Posts Tagged ‘strategic issues management’

(Sorry) We’re just not that into you today

As if the concurrent enquiries into the Iraq war and financial crisis weren’t enough to keep the world’s media busy last week, we also watched as the Caribbean nation of Haiti was devastated by a massive earthquake.

This has been a massive humanitarian tragedy and our thoughts are with all those affected by the disaster.

Events and news cycles such as this one usually come as a shock purely because they’re unexpected. However, that shouldn’t be taken to mean “uncommon”. The nature of news media is to find the newest, most exciting stories to tell, so there will always be a bias towards covering the unexpected. Particularly in the case of major disasters where every story is a very real human interest story.

From a purely academic perspective the past week also serves as an important reminder for spokespeople (and marketers) that regardless of how important you are, or how interesting you think your story is on a normal day, sometimes…stuff happens.

Across the world last week, dozens of spokespeople who got out of bed early to front up for interviews will have arrived at studios, or sat waiting sleepily by the phone waiting for it to ring, only to have been stood down by broadcasters.

Stories that were “scheduled to run” were been pulled to make room for more pressing news.

This is one of the quirks of the game of media relations. If you want to participate in making or contributing to the news then you have to be prepared for things to not go your way – every time you saddle up. That includes not actually getting the opportunity to get on the horse. You don’t have to like it, you just have to accept it, and that goes for the rest of your campaign as well. It’s literally nothing personal.

That said, there are a few things you can do to mitigate the effects of a hijacked news cycle, some of which you may have heard from Catherine Cross in our media training. But be warned – most of them involve a bit of extra work:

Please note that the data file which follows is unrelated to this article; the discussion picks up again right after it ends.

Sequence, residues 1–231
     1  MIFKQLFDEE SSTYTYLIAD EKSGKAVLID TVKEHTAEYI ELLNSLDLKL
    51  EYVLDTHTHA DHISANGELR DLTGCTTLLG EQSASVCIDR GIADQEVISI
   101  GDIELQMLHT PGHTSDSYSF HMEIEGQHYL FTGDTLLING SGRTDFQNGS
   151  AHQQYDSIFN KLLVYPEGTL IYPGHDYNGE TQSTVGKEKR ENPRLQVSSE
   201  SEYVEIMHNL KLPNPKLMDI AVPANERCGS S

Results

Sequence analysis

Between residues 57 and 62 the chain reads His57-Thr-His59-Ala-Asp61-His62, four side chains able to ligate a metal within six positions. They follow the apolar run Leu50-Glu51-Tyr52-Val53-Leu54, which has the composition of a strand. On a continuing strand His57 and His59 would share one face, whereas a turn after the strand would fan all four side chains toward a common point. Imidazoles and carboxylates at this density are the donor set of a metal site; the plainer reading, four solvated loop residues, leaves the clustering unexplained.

• Be available generally. The media doesn’t care about your day job, and from a journalist’s perspective if you’re not available then someone else probably will be. If you want that headline, you’ve got to make the time for it. If your job doesn’t allow you the time, maybe you need a different job. Or maybe someone else needs yours.
  • Take your medicine. If you’re an official spokesperson then sometimes you’re just going to have to be the face of a company that has to take some constructive criticism. Like being bumped from your interview, it’s nothing personal. It’s all part of managing your own relationships with the media.
  • Do more media. There’s no value in scarcity for the vast majority of spokespeople and playing hard to get is just annoying. Only the very top people in a company get to play the “I’m important” card, and it’s rarely appreciated by journalists who are covering your business. Far better to be the go-to person not just for your product, but your brand, and if you can swing it, your industry. That’s one of the things that leads to thought leadership, and it’s a powerful tool in strategic issues management (which we’ll deal with another time).
  • Don’t blame your communications team. It’s not their fault that earthquakes, volcanoes, hurricanes or terrorist attacks happen. Of course there’s also something to be said for campaign scheduling, i.e. know what’s going on before you try to pitch an interview in the first place.
  • Don’t put all your eggs in the one basket. A big scrapbook full of splashy media coverage makes everyone feel good, but realistically why do you want everything to appear at once anyway? You don’t have your life savings in one bank account (I hope), so take a balanced approach to your campaign planning as well. Think about how political campaigns, or grassroots movements work – they all start small and build to a crescendo. Ok, we’re not all launching iPhones, but for the right audience, tapping into the right media, the principle still applies.

Why Message Development is important

From time to time on this blog we talk about the importance of driving communication through organisational behaviour, and how this can be of great help to crisis managers because it gives you a solid base from which to start managing the fallout of a crisis. This is possibly even more integral to strategic issues management, i.e. where we work with a client to turn a potential issue into an area where they can establish a competitive advantage.